“What does the New York flag look like?”
“What does the New York City flag look like?”
“What do the borough’s flags look like?”
We’re going to answer all these questions and many more. Read on for details about the New York state flag, the New York City flag, and flag details of the five boroughs of New York City: Manhattan, Queens, Brooklyn, the Bronx, and Staten Island. See images, read a brief history, and learn a few facts that you may not have known before.
Are you visiting this page because you want to learn more about NYC? Well, if you’re thinking about making the move to this city, let us help. We’ve been moving clients for over 30 years in NYC.
What does the New York flag look like?
Above is the New York state flag. It has a blue background, one person on the left (Liberty) and one on the right (Justice) of the gold shield in the center. On the shield are two boats on a river with a mountain in the background and the sun shining.
Liberty’s foot steps on a crown (a symbol of freedom from the Kingdom of Great Britain). Justice is blindfolded and wields a sword in the right hand and a scale in the left. This symbolizes impartiality and fairness.
What does the New York City flag look like?
The New York City flag has the same blue as the state flag on the left, orange on the right, and white in the middle. A circular seal is in the middle with a seaman and Native American. Between them are a windmill, beavers, and barrels. An eagle is perched above them.
Colors of New York City’s flag
The colors are symbolic of the Dutch flag. William I, Prince of Orange flew it with the blue closest to the staff.
What the symbols on the New York City flag mean
Here’s a breakdown of what the symbols mean:
- Bald eagle: Symbol of the United States of America
- Native American: Symbolizes the original inhabitants of the area
- Seaman: Symbolizes the colonizers of the area
- Beaver: Symbolizes the Dutch West India Company, which was the first company in New York
- Windmill: Symbolizes the Dutch history of the city and the prosperous industry of milling flour
- Flour barrels: Symbolizes the short-lived monopoly on milling
- 1625: Symbolizes the year of the establishment of New Amsterdam
What do the borough’s flags look like?
Each of the boroughs has their own flags. Some are official, while others are “adopted” as the representation of the borough.
The only boroughs that have official flags are Brooklyn and the Bronx. The other three boroughs have standard designs but are not signed into law.
RELATED: 20 Pros And Cons Of Living In NYC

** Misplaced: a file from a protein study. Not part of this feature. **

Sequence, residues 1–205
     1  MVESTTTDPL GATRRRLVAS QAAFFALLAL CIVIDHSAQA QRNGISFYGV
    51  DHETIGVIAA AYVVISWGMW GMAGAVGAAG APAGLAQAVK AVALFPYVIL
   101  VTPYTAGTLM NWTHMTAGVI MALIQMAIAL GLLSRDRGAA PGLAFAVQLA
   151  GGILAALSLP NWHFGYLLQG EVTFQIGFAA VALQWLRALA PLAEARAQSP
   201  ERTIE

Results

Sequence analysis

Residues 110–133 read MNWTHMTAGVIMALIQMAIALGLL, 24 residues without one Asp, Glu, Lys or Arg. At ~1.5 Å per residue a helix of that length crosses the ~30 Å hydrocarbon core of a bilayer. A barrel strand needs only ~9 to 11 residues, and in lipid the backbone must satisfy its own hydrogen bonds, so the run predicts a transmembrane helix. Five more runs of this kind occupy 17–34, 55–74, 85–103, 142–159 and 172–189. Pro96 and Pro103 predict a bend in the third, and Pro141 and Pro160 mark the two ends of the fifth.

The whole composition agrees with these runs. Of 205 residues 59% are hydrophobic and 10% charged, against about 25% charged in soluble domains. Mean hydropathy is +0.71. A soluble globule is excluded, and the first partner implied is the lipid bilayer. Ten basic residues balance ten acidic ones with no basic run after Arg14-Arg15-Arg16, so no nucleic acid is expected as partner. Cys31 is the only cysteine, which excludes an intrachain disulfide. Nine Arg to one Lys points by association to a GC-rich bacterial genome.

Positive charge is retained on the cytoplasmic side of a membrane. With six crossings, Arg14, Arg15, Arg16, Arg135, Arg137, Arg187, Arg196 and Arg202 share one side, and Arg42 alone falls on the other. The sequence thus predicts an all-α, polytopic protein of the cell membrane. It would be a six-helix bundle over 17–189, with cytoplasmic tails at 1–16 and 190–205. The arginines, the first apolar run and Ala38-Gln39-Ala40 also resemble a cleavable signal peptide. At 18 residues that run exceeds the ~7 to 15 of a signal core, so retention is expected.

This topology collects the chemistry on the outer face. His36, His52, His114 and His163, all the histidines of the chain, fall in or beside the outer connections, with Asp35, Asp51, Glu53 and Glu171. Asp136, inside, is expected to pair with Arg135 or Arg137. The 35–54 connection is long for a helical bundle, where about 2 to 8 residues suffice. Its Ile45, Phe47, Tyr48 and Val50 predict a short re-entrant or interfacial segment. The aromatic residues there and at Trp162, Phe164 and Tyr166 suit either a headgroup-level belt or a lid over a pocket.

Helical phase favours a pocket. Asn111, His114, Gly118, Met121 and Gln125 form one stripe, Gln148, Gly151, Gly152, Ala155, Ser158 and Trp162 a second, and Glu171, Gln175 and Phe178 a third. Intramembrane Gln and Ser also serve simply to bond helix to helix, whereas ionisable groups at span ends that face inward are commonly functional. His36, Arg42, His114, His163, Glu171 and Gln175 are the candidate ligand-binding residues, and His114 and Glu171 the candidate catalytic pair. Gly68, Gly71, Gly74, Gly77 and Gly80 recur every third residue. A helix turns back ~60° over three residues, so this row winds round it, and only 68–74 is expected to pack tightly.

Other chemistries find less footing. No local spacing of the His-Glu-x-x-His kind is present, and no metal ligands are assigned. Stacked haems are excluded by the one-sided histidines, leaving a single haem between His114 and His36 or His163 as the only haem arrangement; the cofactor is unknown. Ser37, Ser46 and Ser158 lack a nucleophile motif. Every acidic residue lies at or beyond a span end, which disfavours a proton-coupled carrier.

The unofficial Manhattan flag is very similar to the flag of New York City. The differences are the surrounding words. Here you see it says “Borough of Manhattan.” The New York City flag doesn’t have that. Also, the date at the bottom says November 1, 1683, which is the date when the province New York divided into twelve counties: Albany County, Cornwall County, Dukes County, Dutchess County, Kings County: (Brooklyn), New York County (Manhattan), Orange County, Queens County (Queens), Richmond County (Staten Island), Suffolk County, Ulster County, and Westchester County (the Bronx).
The unofficial Queens flag has sky blue on the top and bottom and white in the middle. These colors represent the arms of the first Dutch Governor William Kieft. In the center is a ring with two flowers (tulip and rose) in the center of that ring. The top left says “Qveens Borovgh 1898.”
The Brooklyn flag has a white background with thin yellow lines on both the top and bottom. In the center is a young woman (representing the goddess of justice) carrying a Roman fasces (symbolizing unity). The slogan around the image is Dutch, “Eendracht maakt macht” which translates into “Unity makes strength.”
The Bronx flag
The Bronx flag is orange on the top and dark blue on the bottom with white in the middle (mimicking the Dutch flag). In the center is a laurel wreath denoting honor and fame. In the center is an eagle and shield with a sun rising over the ocean (signifying peace, liberty, and commerce). The motto is at the bottom is the Latin phrase of “ne cede malis,” which means “Yield not to evil.”
Staten Island flag
A new (and current) unofficial Staten Island flag has a tan background with a green circle at the center. An allegoric female figure with a shield and sword stands on the island’s shore and looks out onto the Narrows. The anchored ship (The Half Moon) is Henry Hudson’s — the English sea explorer and navigator during the early 17th century. A small canoe with three oystermen is close to shore.
Staten Island’s old flags
Staten Island used to be called Richmond and this unofficial flag was originally adopted when the other boroughs adopted theirs. Here’s what it looks like:
The more recent unofficial Staten Island flag took its place in 1971 after the borough held a contest. It stayed the unofficial flag until 2016. Here’s the flag (it has a purely white background):
Contact Moishe’s Self Storage if you’re looking for cheap full-service self-storage units in New York City to hold wine, art, furniture, luggage, household items, or other things.View Rooms for FREE